Apr 27, 2015 0
At some point, in one of the many universities where I have spent time, I ran across a pile of old books that were being given away to anyone who wanted them. I was attracted (who wouldn’t be?) by the Table of Circular and Hyperbolic Tangents and Cotangents for Radian Arguments, which was published in 1943 by the Columbia University Press; mine is the second (1947) printing. It consists of page upon page of digits, row upon row and column upon column of tan(x), cot(x), tanh(x), and coth(x), enumerated to roughly eight significant digits.
This was before the time of calculators and computers, and I really was attracted by the sprawling, rippling, hypnotic lists of numbers. It sits proudly on my bookshelf next to the copy of Gradshteyn and Ryzhik’s Table of Integrals, Series, and Products that I bought as an undergrad (and which has actually proven useful to me in my career, since computers are not unmatched along that dimension). But the truly and surprisingly beautiful portion of the book of tables turned out to be the Foreword, written by one H. T. Davis of northwestern university.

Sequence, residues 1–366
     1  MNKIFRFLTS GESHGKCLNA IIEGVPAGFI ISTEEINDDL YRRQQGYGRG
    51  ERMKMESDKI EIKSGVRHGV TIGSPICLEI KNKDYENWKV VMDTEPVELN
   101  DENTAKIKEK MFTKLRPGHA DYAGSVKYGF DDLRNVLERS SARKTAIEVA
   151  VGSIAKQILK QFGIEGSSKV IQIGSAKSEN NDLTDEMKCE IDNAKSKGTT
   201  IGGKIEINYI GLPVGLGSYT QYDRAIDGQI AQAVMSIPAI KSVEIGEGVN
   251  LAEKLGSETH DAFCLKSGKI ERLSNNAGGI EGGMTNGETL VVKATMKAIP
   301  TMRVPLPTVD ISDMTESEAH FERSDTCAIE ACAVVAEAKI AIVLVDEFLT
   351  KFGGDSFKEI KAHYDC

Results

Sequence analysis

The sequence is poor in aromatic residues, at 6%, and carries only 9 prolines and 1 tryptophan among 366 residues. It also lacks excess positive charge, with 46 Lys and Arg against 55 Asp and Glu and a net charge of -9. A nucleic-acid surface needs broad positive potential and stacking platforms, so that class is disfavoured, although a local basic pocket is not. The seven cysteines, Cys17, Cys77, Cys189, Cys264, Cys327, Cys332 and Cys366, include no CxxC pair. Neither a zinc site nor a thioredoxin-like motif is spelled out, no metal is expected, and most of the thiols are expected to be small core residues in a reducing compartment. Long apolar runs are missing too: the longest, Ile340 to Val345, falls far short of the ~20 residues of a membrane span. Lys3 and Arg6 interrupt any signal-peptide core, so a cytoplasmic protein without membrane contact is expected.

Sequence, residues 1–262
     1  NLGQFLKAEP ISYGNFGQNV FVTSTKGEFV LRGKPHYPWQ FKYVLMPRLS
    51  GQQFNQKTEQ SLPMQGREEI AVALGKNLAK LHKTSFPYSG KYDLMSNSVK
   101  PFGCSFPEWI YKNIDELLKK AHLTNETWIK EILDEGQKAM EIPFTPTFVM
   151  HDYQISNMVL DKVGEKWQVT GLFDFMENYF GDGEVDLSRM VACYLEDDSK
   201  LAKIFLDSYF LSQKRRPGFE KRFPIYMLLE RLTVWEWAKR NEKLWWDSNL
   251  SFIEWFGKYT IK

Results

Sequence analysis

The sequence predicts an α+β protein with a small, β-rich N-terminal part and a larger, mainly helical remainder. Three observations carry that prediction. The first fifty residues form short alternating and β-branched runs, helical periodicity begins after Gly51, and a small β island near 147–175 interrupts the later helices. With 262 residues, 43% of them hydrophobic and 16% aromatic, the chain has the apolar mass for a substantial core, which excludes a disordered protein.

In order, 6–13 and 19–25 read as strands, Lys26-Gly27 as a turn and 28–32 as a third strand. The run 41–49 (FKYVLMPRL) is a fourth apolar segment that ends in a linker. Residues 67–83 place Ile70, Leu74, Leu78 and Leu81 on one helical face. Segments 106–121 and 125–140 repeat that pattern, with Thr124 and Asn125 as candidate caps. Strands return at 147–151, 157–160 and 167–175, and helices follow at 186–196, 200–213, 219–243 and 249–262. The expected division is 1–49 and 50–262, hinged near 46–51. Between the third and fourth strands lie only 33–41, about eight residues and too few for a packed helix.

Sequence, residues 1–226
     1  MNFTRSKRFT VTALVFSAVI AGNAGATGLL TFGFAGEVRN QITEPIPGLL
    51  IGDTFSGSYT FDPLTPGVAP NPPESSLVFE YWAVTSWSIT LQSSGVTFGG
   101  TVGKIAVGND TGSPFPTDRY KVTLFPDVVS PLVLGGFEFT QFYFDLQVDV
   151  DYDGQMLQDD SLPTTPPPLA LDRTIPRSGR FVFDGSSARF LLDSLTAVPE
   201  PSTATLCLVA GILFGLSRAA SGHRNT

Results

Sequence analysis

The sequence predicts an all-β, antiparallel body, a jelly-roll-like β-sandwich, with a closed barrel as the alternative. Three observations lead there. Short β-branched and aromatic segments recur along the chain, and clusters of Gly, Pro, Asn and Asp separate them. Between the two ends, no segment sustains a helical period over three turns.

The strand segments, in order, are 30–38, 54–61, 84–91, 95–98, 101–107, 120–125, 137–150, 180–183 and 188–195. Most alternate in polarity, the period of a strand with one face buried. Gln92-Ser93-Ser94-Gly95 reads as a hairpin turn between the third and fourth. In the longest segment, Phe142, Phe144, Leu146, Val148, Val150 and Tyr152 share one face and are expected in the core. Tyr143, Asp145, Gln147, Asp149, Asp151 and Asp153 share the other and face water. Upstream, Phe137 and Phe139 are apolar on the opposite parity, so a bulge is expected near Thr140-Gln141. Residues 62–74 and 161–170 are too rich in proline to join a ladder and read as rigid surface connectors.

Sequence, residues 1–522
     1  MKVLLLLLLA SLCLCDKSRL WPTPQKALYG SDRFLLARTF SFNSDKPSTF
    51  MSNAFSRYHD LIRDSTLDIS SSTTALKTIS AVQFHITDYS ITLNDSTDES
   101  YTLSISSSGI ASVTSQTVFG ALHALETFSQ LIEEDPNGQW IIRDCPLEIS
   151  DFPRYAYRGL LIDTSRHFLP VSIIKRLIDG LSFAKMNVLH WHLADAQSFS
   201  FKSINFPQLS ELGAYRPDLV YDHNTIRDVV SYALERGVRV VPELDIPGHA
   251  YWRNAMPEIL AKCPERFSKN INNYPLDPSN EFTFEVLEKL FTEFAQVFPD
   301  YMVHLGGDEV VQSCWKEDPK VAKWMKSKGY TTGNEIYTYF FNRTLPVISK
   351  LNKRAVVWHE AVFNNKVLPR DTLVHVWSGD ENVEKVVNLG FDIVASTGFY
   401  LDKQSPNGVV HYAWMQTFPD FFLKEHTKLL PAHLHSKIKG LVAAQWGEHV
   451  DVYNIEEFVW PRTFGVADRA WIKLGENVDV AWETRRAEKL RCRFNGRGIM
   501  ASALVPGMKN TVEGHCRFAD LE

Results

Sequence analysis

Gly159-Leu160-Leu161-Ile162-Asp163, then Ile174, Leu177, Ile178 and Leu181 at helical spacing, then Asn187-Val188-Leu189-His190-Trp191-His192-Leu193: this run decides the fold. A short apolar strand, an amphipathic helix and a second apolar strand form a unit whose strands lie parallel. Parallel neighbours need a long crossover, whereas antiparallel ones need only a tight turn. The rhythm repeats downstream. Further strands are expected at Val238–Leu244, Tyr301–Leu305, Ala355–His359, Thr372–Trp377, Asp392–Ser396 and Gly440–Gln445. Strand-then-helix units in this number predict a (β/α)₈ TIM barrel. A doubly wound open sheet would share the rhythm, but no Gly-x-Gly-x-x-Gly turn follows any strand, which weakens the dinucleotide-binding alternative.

I highly recommend clicking on the link above and reading the entire text (don’t miss the “note” at the end!), which is only about two pages. But if you are in a rush (or just need a teaser to spur your interest), here are some highlights:
- …discovery and measurement have gone hand in hand.
- The mathematical functions’ origin in some universal principle has endowed them with a kind of immortality, and hence they appear over and over again in disciplines [including economics!] far removed from the one in which historically they first appeared.
- The figures seen on the printed page may appear dull reading to the uninitiated, but behind them there is a realm that challenges the imagination … usually there is a long story of scientific achievement.
- Even the old table of chords, computed probably by Hipparchus in the second century BC and transmitted to us through Claudius Ptolemy, could be adapted readily to the use of modern students of trigonometry.
- The present volume … adds another pillar to this great monument of science, which, in the words of Horace, “is more enduring than bronze.”
It is marvelous to me to imagine the concentrated time and effort, stretching back continuously over centuries, that fed these and similar tables — and to imagine the many discoveries and adventures that would not have been possible without them.…